Clauses 77 to 84 - Miscellaneous: Broadcasts and cable programmes
19. The Chairman drew the Administrations attention to the joint submission of TVB, ATV, Cable TV and STAR TV (LegCo Paper No. CB(1)1360/96-97(01)) and opined that as broadcasters had paid royalties for broadcasting or including in a cable programme service the copyright work within the licence period, it was only natural that the statutory period of ephemeral rights, i.e. copyright exception to allow incidental recording or copying of copyright works for the purpose of broadcast or inclusion in a cable programme service, should run concurrent with the licence period. She echoed the view expressed in the joint submission that the proposal to require broadcasters to destroy the back-up copy within three months was impractical and unreasonable. In response, DD of IP made the following points -
- The statutory period of ephemeral rights was only 28 days under the existing law. The Bill proposed to extend this copyright exception to three months to bring it into line with the Broadcasting Authoritys requirement that a broadcaster or a cable programme service provider should keep copies of their programmes for three months for inspection.
- The Administration noted the possible logistical problems of the broadcasting organisations and the cable programme service providers but maintained that a permission to make back-up or library copies of licensed copyright works should be negotiated with the copyright owner and should not be provided as a copyright exception. To protect the legitimate interests of copyright owners, any copyright exceptions had to be granted with care. Any unauthorised copying of a copyright work was an infringement to the reproduction right of the copyright owner of the work in question. Clause 77 as drafted was consistent with international copyright principles.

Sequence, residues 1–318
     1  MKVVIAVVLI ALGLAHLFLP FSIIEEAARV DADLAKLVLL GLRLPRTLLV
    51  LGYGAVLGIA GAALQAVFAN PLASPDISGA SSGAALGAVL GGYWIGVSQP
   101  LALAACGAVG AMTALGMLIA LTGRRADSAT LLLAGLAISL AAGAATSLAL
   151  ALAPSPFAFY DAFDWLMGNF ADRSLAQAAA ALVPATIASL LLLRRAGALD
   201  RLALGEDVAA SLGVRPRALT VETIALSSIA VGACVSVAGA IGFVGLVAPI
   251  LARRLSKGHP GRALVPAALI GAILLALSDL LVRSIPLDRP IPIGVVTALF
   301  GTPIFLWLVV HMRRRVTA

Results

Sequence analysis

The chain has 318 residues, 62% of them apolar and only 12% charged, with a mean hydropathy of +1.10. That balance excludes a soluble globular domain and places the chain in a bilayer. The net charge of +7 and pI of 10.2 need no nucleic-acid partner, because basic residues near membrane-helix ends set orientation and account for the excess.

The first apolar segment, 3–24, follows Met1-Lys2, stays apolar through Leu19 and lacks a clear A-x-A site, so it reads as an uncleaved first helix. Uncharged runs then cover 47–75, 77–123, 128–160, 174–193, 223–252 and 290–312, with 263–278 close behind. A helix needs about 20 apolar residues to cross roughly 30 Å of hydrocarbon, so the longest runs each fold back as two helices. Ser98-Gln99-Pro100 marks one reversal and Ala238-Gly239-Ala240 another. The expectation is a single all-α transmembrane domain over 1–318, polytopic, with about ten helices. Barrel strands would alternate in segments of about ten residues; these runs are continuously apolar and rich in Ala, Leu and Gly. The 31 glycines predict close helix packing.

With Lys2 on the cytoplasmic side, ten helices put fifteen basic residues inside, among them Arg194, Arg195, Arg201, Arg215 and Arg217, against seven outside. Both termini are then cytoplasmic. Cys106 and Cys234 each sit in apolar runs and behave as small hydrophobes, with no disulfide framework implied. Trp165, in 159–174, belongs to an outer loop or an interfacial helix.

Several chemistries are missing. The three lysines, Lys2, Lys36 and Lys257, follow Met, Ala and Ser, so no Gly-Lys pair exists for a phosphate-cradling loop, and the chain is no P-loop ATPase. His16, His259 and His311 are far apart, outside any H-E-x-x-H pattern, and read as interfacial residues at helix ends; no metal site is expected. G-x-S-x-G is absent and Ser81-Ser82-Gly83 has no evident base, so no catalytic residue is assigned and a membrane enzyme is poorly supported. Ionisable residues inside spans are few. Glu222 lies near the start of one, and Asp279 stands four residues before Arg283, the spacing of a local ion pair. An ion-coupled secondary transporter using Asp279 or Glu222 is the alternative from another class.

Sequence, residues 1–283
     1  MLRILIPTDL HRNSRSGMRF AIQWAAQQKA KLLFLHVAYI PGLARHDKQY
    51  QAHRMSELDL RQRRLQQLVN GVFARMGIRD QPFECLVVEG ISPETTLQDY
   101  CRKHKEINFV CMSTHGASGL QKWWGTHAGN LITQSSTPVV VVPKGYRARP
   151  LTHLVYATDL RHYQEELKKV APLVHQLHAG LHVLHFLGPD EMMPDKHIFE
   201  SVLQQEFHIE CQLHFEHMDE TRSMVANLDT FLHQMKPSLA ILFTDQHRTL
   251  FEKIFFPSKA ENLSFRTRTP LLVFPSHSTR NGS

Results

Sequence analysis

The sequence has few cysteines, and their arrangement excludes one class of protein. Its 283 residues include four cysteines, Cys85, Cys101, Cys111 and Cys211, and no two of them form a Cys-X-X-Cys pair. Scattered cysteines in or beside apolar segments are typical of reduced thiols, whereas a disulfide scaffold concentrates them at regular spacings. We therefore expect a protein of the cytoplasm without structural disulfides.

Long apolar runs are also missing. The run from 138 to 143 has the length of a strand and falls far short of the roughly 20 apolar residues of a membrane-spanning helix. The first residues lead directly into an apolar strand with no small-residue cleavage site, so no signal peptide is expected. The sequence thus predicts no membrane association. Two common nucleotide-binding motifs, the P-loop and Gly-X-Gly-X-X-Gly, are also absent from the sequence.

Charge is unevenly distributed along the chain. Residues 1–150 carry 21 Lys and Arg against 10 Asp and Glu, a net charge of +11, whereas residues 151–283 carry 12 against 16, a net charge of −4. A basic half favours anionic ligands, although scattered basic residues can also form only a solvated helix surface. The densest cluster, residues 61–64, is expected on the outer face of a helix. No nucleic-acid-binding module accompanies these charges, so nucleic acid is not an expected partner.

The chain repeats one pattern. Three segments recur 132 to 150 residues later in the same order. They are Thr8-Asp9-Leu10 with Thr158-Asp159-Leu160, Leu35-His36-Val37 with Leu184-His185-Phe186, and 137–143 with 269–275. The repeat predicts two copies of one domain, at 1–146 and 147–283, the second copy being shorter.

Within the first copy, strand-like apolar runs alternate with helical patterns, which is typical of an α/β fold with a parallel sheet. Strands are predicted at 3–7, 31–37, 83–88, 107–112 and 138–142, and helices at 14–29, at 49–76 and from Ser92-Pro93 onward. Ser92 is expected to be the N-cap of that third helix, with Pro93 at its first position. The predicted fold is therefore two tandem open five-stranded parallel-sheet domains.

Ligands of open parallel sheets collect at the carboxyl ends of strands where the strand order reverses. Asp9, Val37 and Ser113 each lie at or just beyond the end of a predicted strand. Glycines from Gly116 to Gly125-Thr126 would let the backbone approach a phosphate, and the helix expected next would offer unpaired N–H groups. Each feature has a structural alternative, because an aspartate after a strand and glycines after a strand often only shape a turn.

|20. The Chairman maintained that through payment of royalties, broadcasters were in effect authorised by the copyright owner to make back-up copies for the purpose of broadcast. She requested the Administration to reconsider the broadcasters views.||Admin.|
21. Members noted that in line with clause 76(2)(a), the Administration withdrew its proposed CSA to delete "or are otherwise concerned with the advancement of religion, education or social welfare" in subclause (3)(b). The same also applied to the proposed amendments to clauses 250(2) and 253(3)(b).
22. Members noted that to ensure minimal inconvenience and disruption to the viewing habits of satellite master antenna television (SMATV) subscribers without compromising the rights of broadcasters to distribute their signals, the Administration would introduce a CSA to the clause to stipulate a revocable implied licence for SMATV operators to re-transmit non-encrypted broadcasts. However, in recognition of the incompatibility between the proposed CSA and the terms of the existing licensing regime for SMATV in Hong Kong, the provision empowering the right owner to revoke the implied licence by giving a six-month notice would not commence until after a comprehensive review on the broadcasting policy by the Broadcasting, Culture and Sport Branch.